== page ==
The novel illumination geometry that accompanies equinox lowers the sun's angle to the ringplane, significantly darkens the rings, and causes out-of-plane structures to look anomalously bright and cast shadows across the rings. These scenes are possible only during the few months before and after Saturn's equinox, which occurs only once in about 15 Earth years.

The monitoring of unusual terrain on the moons of the Saturn system as the seasons change reveal new detail about their character.

In this shot, Cassini spies the large Penelope crater on Saturn's moon Tethys.

The Penelope crater lies near the center of the image. This view looks toward the trailing hemisphere of Tethys 660 miles across. North on Tethys is up. The image was taken with the Cassini spacecraft narrow-angle camera on Oct. 14, 2009, using a spectral filter sensitive to wavelengths of ultraviolet light centered at 338 nanometers. The view was obtained at a distance of approximately 159,000 miles from Tethys and at a sun-Tethys-spacecraft, or phase, angle of 1 degree. Image scale is 5,022 feet per pixel. Credit: NASA/JPL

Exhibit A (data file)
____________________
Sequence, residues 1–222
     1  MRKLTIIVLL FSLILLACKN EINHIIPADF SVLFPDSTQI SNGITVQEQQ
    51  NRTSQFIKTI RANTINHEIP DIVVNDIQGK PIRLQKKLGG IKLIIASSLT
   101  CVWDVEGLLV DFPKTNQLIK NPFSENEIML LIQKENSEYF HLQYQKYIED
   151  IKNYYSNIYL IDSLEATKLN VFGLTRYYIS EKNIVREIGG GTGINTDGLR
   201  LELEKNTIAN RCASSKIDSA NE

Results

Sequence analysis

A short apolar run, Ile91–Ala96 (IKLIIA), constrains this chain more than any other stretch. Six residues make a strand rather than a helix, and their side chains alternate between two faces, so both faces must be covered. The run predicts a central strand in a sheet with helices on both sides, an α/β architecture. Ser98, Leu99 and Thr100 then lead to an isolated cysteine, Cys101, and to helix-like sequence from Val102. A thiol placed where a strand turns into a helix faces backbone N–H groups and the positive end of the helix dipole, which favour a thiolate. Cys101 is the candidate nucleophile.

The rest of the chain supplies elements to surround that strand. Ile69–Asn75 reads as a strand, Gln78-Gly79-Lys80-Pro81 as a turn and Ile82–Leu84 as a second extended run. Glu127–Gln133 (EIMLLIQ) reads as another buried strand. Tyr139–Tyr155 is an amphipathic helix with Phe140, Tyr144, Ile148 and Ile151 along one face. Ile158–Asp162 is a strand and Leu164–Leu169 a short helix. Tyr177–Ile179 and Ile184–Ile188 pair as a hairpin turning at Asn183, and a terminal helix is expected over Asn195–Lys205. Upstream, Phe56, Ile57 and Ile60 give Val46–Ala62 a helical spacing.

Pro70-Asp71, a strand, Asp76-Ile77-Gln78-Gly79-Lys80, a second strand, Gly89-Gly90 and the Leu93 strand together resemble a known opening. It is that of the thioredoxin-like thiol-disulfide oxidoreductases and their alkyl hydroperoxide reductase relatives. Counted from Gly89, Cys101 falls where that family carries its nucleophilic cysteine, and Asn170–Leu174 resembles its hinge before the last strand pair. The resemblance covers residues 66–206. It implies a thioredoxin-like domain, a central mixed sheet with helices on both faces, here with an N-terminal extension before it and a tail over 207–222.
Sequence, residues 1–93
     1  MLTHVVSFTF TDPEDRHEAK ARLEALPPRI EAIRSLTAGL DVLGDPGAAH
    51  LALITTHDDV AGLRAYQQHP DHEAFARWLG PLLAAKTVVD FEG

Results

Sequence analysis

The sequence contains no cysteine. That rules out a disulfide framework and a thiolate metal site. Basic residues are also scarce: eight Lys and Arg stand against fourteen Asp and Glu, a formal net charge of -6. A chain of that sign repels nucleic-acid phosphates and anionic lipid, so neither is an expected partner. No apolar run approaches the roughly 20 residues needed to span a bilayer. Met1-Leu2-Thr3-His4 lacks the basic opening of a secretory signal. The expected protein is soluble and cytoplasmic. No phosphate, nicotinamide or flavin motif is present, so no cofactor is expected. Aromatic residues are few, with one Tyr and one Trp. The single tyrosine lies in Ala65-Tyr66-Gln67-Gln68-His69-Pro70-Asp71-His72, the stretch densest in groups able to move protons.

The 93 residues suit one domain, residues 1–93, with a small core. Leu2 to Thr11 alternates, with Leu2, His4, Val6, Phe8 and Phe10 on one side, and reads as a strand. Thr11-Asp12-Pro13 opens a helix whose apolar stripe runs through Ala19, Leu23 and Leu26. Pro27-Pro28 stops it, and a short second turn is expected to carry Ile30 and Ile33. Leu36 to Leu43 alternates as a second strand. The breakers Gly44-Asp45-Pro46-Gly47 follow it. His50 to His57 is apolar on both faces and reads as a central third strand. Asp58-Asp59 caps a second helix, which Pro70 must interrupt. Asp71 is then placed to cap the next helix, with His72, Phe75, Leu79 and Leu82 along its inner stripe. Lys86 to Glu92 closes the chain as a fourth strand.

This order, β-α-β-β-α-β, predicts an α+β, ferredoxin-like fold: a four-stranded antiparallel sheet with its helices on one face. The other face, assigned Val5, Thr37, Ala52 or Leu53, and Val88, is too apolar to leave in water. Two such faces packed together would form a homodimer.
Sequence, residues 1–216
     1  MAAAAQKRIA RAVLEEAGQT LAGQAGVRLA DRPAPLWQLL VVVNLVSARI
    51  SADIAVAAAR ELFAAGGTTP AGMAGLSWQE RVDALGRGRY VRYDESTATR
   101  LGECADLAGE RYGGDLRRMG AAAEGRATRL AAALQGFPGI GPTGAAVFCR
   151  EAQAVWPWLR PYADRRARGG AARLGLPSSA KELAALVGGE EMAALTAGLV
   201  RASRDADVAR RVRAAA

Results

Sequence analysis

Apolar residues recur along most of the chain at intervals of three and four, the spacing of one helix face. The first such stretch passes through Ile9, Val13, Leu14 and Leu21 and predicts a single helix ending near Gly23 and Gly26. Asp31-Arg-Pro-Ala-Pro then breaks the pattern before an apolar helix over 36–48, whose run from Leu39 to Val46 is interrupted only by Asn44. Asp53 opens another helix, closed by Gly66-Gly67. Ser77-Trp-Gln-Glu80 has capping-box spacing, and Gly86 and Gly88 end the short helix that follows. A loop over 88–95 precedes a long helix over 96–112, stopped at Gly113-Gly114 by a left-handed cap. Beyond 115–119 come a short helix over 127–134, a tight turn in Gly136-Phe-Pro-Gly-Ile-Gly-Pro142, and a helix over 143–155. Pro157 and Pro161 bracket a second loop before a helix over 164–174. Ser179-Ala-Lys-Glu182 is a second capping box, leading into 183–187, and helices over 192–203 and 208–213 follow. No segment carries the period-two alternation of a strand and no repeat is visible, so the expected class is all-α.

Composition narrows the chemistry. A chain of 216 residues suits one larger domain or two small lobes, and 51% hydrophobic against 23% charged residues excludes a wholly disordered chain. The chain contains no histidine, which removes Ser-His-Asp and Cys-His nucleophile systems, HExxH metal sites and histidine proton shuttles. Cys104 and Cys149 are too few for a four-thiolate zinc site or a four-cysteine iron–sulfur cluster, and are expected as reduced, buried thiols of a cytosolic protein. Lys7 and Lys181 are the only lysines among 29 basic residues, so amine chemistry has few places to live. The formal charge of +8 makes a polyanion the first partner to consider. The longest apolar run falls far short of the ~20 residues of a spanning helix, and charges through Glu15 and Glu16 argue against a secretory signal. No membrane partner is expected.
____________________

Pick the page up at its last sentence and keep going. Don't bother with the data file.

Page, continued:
In addition to the frozen moons, one of the highest priorities for Cassini during the coming months will be to image the methane lakes around the north polar region of Titan.

In the top right of this Cassini image, the southern end of Titan's huge lake of liquid hydrocarbons called Kraken Mare is visible near the moon's north pole. Near the moon's equator are the albedo features Senkyo on the right and Aztlan on the left. This view looks toward the Saturn-facing side of Titan, 3,200 miles across. North on Titan is up and rotated 31 degrees to the right. Credit: NASA/JPL
The image was taken with the Cassini spacecraft wide-angle camera on Oct. 12, 2009, using a spectral filter sensitive to wavelengths of near-infrared light centered at 939 nanometers. The view was acquired at a distance of approximately 157,000 miles from Titan and at a sun-Titan-spacecraft, or phase, angle of 11 degrees. Image scale is 9 miles per pixel.